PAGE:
In October, we published a feature on Cutting Edge graduate Annette Vindenes.
It told how Annette, who is an emergency vet in our Gateshead clinic, was given the green light to go to Australia to undertake a six-month placement in veterinary hospitals and clinics in and around Sydney.
Annette promised to keep a diary of her experiences on the other side of the world.
In this, her first two entries, Annette tells how she quickly settled into Australian life and gives an insight into her first week as a veterinary surgeon down under.
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Entry number one
After months of planning, I finally set off for Australia (but only after doing an eight-hour mountain hike). I’m very excited, although it’s hard leaving my dog with my mum in Norway. The flight involves two planes and takes 22 hours. The weather in Sydney is nice — around 17C — similar to British summer time.
I move into a terraced house in central Sydney, along with two other Australians and a dog. Perfect. It’s great having locals on hand to advise me on what to do, beaches to visit and coffee shops to try. Who knew coffee was so good in Australia?
On my first full day, I buy a ticket for the hop on, hop off the tourist bus and, over the next three hours, take in the whole of Sydney. The magnificent Opera House and Sydney Harbour Bridge have been on my bucket list forever, and it’s wonderful seeing them.
Everywhere I go I notice the colourful macaws, rainbow lorikeets and ibis flying around. I think to myself: “We only have one life, one life to be the person we want to be, to experience as much of the world as possible”.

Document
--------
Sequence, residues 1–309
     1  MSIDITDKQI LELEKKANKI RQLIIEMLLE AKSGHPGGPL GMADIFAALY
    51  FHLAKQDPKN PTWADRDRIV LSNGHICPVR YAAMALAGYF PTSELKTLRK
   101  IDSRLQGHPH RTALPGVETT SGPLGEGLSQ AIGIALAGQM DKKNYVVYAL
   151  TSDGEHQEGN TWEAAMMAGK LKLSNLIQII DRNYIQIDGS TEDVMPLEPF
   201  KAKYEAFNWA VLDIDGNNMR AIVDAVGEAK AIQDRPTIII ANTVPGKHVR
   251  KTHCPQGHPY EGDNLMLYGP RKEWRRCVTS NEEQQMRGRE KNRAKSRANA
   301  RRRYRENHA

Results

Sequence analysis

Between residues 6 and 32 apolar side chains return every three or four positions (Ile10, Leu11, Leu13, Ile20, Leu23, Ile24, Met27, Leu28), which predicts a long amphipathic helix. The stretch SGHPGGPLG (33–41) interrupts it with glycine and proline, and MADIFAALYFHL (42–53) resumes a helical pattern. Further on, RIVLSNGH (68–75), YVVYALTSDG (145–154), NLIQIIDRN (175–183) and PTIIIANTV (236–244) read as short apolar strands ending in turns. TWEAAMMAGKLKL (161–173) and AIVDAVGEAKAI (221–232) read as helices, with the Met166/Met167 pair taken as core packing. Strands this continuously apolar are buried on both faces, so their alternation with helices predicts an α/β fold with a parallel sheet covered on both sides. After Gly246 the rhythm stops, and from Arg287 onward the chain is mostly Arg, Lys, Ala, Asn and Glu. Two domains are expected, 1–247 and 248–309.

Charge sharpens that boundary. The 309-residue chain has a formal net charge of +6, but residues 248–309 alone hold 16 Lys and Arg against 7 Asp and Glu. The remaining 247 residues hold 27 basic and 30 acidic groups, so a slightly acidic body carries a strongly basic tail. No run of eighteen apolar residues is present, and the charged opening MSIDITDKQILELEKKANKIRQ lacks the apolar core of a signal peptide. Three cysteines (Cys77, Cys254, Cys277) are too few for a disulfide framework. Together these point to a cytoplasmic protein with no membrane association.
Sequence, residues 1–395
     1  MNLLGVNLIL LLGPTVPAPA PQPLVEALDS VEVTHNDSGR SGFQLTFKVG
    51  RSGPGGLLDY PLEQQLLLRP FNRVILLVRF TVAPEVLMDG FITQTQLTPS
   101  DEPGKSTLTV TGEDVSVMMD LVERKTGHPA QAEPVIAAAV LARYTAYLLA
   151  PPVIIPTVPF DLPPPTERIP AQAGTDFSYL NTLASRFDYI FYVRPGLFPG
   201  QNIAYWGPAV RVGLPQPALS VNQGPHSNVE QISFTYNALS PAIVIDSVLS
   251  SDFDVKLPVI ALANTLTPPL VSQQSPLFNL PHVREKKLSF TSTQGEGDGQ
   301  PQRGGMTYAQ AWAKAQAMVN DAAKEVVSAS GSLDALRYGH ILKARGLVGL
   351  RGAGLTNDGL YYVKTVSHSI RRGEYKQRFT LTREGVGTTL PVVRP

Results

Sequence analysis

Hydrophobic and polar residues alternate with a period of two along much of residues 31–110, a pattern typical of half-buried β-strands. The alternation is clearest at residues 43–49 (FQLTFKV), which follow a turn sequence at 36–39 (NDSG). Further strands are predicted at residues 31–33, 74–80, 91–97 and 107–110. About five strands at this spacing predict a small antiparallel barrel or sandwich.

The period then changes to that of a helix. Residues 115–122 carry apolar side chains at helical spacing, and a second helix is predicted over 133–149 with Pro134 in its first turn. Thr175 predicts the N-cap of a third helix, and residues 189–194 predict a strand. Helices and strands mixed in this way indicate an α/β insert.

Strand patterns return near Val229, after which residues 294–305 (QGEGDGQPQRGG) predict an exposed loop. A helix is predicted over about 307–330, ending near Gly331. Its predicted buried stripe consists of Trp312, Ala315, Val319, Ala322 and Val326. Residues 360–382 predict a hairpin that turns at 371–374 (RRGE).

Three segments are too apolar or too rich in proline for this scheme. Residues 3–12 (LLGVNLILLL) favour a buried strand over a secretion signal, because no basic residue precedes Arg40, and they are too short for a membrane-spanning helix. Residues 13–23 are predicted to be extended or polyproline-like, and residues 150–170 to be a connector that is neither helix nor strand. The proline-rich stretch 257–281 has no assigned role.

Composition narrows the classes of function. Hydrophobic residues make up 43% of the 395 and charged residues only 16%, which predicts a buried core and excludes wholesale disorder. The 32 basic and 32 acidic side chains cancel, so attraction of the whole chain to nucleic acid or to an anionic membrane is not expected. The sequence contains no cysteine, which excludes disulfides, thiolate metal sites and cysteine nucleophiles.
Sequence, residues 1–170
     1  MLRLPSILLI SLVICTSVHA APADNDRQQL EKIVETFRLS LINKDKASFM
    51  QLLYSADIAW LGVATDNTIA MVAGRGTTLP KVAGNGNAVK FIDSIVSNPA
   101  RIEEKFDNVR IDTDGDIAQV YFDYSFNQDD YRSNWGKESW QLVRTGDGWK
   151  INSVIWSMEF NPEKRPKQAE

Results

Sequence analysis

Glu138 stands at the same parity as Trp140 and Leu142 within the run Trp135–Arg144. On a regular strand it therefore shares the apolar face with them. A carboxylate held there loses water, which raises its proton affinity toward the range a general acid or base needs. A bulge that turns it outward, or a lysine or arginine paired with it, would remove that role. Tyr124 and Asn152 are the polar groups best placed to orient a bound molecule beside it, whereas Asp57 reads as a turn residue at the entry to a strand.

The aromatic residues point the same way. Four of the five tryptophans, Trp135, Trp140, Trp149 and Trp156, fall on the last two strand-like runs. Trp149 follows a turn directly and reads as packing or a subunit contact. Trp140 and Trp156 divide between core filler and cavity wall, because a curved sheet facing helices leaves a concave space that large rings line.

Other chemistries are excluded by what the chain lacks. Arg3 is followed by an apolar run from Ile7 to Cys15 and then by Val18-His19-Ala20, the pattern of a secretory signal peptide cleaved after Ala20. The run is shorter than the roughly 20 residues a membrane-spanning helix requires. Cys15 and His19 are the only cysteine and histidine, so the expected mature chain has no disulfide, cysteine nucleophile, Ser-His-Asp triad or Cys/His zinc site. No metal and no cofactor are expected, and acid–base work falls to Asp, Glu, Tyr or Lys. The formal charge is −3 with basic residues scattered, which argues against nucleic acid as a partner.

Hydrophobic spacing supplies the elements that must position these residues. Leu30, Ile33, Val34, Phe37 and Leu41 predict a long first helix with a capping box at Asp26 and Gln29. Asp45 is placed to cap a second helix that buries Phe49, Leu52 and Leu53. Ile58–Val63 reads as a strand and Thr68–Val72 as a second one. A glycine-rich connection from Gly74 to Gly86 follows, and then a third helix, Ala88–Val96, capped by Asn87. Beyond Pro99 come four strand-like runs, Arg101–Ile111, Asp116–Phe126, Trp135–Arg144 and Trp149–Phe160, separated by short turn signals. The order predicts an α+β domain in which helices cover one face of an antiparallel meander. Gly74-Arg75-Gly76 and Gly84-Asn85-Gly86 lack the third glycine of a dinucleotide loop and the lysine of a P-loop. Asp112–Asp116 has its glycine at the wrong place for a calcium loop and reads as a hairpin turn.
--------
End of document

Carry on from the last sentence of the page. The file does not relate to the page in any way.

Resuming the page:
Yes, we can keep doing the same thing over and over, but in five or 10 years time, do we want to look back and wonder where the time has gone? Wouldn’t it be wonderful to experience more of the world around us?
Thanks to Vets Now enabling me to take this sabbatical, that’s what I’m doing right now. I’m experiencing the other side of the world for the first time. It feels like a new chapter in my life. As the first day fades, and my head hits the pillow, it hits me. I’m not going to be the same person I was when I left the UK. Travel changes you; you travel to evolve.
Entry number two
My first day at the North Shore Veterinary Hospital is very different to what I’m used to. I walk into a hospital full of inpatients. At Vets Now you can walk into a lot of consults, but you generally don’t start your shift with a clinic full of inpatients.
My first case is a tick paralysis. Tick paralysis is not something we get in the UK, so it’s a steep learning curve. It’s both scary and exciting at the same time. In my first few shifts, I have to place three animals on ventilators due to tick paralysis.
Animals tend to recover well after two to four days on a ventilator, but if they start having respiratory fatigue without a ventilator, it’s likely they will die. It’s so exciting to read arterial blood samples and altering the ventilator setting to see a positive change shortly after. Our worst case has a pco2 of 120mmhg and a pH of 6.7. But after seven days on a ventilator, he’s able to go home.
The wildlife here is so different to what I’m used to. In my first week, I see water dragons, brushtail and ringtail possums, baby possums, ibis, galahs, macaws, rainbow lorikeets, tawny frogmouths, noisy miner birds, kookaburras and masked woodswallows — and a huge bat as large as two male hands.
I’m looking forward to treating even more unusual species in the coming months.
We are also recruiting for more experienced vets for AdvantEdge. If you, or any vets you know, are interested in applying, please call the Vets Now recruitment team for more information on 01383 841181 or click here.